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C200: Transit as a Market Extender

2011 April 12
by Jeff Wood and Dena Belzer

< The context of the Mt Baker light rail station is Southeast Seattle, where the transit investment has not been enough to stimulate significant redevelopment - yet; photo: Dan Bertolet - click to enlarge >

There is a lot of discussion on the effect of transit on property values and redevelopment in cities around the country. Usually the boosters claim that transit helps and opponents claim that it does nothing. The truth? As with many other questions the answer is “it depends”.

As we’ve seen over the last decade the demand for living downtown has been increasing as more and more people see this as a viable option and more developers build to the existing demand. But where does this demand come from? And can it be replicated in any part of a region?

The reason for this ability to build more density actually comes from increasing market demand from people who want to live in these areas, and are willing/able to pay the prices necessary to support constructions costs associated with higher density. To build up, developers have to be able to hit a specific price point that justifies their costs and provides an acceptable return on the investment. While all of the future plans TOD hope for density projects, the truth is that without increasing market values, some subsidies that help the developer furnish the required parking or other amenities, may be required, the further you get from an area with higher market values. The same is true for suburban development—in order to make it pencil, subsidies such as roads and utility extensions need to be a part of the deal.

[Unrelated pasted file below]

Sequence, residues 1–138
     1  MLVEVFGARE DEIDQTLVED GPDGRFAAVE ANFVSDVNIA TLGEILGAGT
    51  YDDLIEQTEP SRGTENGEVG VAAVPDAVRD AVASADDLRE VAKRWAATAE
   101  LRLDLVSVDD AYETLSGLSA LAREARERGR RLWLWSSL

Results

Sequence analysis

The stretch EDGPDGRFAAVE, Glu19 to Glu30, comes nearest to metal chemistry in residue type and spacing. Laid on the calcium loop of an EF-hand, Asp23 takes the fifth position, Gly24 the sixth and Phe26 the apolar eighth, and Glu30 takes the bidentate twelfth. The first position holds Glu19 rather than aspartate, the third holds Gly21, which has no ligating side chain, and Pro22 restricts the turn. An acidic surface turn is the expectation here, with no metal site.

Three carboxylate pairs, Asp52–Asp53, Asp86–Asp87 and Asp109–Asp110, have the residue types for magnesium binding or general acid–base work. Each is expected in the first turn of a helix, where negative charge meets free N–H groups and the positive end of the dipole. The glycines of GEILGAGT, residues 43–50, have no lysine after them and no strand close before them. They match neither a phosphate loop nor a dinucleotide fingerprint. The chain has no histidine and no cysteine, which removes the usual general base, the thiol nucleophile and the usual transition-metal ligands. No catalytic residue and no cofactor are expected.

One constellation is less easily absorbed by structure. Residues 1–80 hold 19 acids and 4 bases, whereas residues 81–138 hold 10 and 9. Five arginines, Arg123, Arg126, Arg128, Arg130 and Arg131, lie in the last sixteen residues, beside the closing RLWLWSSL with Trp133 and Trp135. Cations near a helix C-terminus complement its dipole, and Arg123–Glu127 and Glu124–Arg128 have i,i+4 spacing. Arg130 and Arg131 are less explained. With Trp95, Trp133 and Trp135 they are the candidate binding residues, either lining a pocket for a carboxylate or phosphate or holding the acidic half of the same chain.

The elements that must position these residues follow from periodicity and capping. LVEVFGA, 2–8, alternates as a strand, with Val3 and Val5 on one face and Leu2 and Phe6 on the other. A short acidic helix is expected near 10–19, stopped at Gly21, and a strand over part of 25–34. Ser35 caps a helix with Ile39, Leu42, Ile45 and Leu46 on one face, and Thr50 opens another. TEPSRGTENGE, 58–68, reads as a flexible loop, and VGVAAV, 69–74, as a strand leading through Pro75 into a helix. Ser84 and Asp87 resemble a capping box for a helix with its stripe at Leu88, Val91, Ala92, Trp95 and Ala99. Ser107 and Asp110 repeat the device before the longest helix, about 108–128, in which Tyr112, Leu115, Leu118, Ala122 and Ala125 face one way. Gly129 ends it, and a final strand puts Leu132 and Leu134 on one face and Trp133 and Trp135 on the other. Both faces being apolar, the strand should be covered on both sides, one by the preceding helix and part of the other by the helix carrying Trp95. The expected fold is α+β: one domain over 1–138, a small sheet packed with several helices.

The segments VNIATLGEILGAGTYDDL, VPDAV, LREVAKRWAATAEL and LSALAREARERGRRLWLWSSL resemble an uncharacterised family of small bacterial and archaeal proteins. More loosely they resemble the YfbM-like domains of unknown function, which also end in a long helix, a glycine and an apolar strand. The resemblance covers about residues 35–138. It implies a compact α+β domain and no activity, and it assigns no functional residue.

So, like suburban development needing road and freeway access, urban development becomes more valuable with transit access. Markets can be extended. Some of the most successful redevelopment districts and hip neighborhoods are those which are proximate to downtown and were able to use the power of downtown to increase the viability of their redevelopment potential. We’ve seen this in places like the South End in Charlotte or the Pearl District in Portland. Both of these areas have transit connections that have pulled the downtown, which has the major market, a little closer. Ultimately this is where streetcar and light rail corridors are helpful.

Typically, 15 minutes is the time transit can travel before the market extension starts dropping away. Further down the line, development is possible and still warranted, however it won’t be supporting denser steel frame buildings. But why does this matter? If we want to think of creating walkable communities, transit needs to be focused on connecting major destinations. The major destinations are generally employment centers with less opposition to development and the ability to grow up instead of out. This means development closer to downtowns is better, and, for that matter more transit supportive. Suburban oriented transit doesn’t do as much work carrying people or pushing buildings up.

So with that being said, let’s rethink how we’re developing transit today. While we’ve invested further in roads and other subsidies for sprawl, its time that the pendulum swung back and provided opportunities to build up assets around our regional economic engines, creating a critical mass for the next generation and their economic future. Let’s use transit to extend markets where we can.

< Mount Baker Light Rail Station in Souteast Seattle; photo: Eagle Eye Aerial Photography via Sound Transit - click to enlarge >


Jeff Wood is New Media Director and Chief Cartographer at Reconnecting America in Oakland, CA. Dena Belzer is president of Strategic Economics in Berkeley, CA.